HOME TO THE FARENDERS RATHER THAN THE HILLERS
My mother is 103 and when I told her that I had spent four hours photographing the town of Leixlip she said how could it take so long as there is nothing there but a few uninteresting shops. My mother is from County Meath and would never admit to being impressed by anything related to Kildare despite the fact that five of her grandchildren, from different families, are engineers working for Intel in Kildare. Local Leixlip employers include Intel, who own a complex consisting of Fabs (fabrication plant) 10 & 14 (IFO), 24, and 24-2 of Intel’s manufacturing operations. Hewlett Packard Enterprise was also a local employer, from 1995 until the closure of the facility in 2017.
Leixlip is a town in north-east County Kildare, Ireland. Its location on the confluence of the River Liffey and the Rye Water has marked it as a frontier town historically: on the border between the ancient kingdoms of Leinster and Brega, as an outpost of The Pale, and on Kildare’s border with County Dublin. Leixlip was also a civil parish in the ancient barony of Salt North. As of 2016, the population of the town was 15,504. It is the fourth largest town in Kildare, and the 29th largest in Ireland.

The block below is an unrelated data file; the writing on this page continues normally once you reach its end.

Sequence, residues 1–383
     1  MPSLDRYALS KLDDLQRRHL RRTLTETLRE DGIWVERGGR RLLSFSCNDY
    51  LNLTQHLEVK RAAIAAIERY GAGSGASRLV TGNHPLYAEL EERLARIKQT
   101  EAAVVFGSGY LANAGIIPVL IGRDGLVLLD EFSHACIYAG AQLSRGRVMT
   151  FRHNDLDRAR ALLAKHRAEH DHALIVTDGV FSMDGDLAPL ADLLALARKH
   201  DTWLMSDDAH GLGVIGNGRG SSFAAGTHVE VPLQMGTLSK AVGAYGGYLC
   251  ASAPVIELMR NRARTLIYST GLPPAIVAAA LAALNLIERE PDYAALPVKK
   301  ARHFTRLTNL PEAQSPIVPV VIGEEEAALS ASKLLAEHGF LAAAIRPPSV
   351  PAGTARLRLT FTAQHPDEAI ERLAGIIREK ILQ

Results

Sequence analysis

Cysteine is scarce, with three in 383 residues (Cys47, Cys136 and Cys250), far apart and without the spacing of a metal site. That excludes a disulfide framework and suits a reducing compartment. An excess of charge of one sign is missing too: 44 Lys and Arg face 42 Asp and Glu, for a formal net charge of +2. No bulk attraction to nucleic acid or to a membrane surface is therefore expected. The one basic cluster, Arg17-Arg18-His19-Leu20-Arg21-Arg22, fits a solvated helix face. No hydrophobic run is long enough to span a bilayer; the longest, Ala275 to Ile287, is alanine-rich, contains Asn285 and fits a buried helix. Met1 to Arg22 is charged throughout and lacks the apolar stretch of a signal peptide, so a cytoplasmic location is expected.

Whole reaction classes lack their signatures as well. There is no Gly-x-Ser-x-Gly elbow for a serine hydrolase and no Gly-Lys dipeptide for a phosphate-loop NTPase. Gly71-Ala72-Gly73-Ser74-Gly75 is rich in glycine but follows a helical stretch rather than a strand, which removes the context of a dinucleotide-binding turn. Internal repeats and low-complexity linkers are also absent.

Leixlip was a possible site of the Battle of Confey, in which the Viking King Sigtrygg Caech of Dublin defeated the Irish King of Leinster around the year 917. The first settlement at Leixlip was an outpost of Early Scandinavian Dublin, built at the furthest point where longships could be rowed up the Liffey. Its status as an outpost of Dublin continued for centuries, marking a border of The Pale.
The town was home to Arthur Guinness’s first brewery in 1756, where he brewed ales until he moved on to St. James’s Gate Brewery, Dublin in 1759.
Leixlip is divided into two Roman Catholic Church parishes, Leixlip (Our Lady’s Nativity) and Confey (St. Charles Borromeo), each with its own parish church. The Church of Ireland parish of St Mary’s also has a church in Leixlip, located in Main Street. This medieval church was restyled in the 1750s with Gothic windows, and its belltower clock dates from 1720. People from Our Lady’s Nativity parish also have their own identity separate from people in the Confey parish. The Confey parish members are known as ‘Hillers’ and people from the Our Lady’s Nativity parish are known as ‘Farenders’.